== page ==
Turkish AF, USAF learn Paver

  • Published
  • By Tech. Sgt. Jim Araos
  • 39th Air Base Wing Public Affairs

Turkish and U.S. Air Force civil engineers, contractors and pavement managers conducted annual Paver training here Oct. 21 to 25.

Paver is a pavement management software tool that allows engineers to collect data on an airfield to determine pavement condition index, or PCI, ratings from zero to 100. Based upon the condition rating and types of distresses recorded, engineers can estimate the total quantity of future repairs and make decisions on what areas need reconstruction.

It is an economical tool that allowed Turkish and U.S. Air Force students to work together toward the maintenance of Incirlik’s airfield and utilize funds effectively. Paver-managed pavements sustain healthy airfields and allow continued aircraft operations, which is the goal of both air forces.

“The class benefited me very well because I normally work on the pavements so this gives me the ability to prioritize what repairs to make,” said U.S. Air Force Tech. Sgt. Andrew Perna, 39th Civil Engineer Squadron pavement and grounds contracting office representative. “Making the repairs at the right time makes a huge difference to the pavement. With decisive maintenance planning and scheduling, we can prolong the operational time of our airfield pavements.”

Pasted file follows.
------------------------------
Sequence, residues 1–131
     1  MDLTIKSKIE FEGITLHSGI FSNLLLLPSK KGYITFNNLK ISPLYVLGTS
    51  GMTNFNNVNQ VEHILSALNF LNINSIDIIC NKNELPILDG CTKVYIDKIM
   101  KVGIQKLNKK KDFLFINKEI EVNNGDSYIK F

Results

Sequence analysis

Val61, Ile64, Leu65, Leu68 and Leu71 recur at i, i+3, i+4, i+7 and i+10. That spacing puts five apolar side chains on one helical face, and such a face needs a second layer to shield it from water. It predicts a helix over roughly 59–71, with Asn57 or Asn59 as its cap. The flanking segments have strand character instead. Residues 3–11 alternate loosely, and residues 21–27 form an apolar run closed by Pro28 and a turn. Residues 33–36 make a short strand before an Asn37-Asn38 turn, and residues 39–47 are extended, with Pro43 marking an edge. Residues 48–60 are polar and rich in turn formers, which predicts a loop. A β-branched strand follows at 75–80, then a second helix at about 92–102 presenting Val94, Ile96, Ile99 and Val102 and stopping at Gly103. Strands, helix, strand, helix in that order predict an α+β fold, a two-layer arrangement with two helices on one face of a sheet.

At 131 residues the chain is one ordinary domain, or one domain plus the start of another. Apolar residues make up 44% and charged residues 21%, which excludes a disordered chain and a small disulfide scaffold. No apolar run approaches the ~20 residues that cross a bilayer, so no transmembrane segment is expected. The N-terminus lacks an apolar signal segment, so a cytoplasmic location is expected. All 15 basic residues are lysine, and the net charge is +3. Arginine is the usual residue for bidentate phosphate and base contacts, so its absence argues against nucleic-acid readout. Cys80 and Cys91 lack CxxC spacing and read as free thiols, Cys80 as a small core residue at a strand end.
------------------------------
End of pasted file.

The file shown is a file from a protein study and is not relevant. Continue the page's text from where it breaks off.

Paver is a standard way of collecting data allowing anyone with any level of experience to collect and record the quantities of pavement severities. In the process of collecting data, students learned the commonalities of paving airfields between two air forces.

“This year, we have a lot of Turkish students in the class,” said Wayne Seiler, Air Force Civil Engineer Center Paver instructor, from Tyndall Air Force Base, Fla. “They’re trying to find a way to manage the pavements of their air bases throughout the country. We’re trying to encourage other countries to use Paver so that our NATO allies can efficiently manage their pavements.”

Students worked together to reach their goals of learning the essentials of gathering PCI data. 

After sampling a section of an airfield, Paver provided students with a 95-percent accurate result from their limited sampling. When it comes to the design and construction of an airfield, students will need to provide an in-depth detailed analysis of 100 percent of the airfield to provide reliable solutions. With the intent of routine maintenance, 95-percent accurate results are acceptable to maintain airfield operations.

“It’s a common goal to keep our pavements safe for aircraft operations and (the students) enjoyed our exercises,” said Seiler. “The students were committed to moving ahead with pavement management. The one thing about this is you don't do it just one time--it’s like a living process. You survey every four years, update the construction history and there seems to be a lot of interest in applying Paver to Incirlik’s operations.”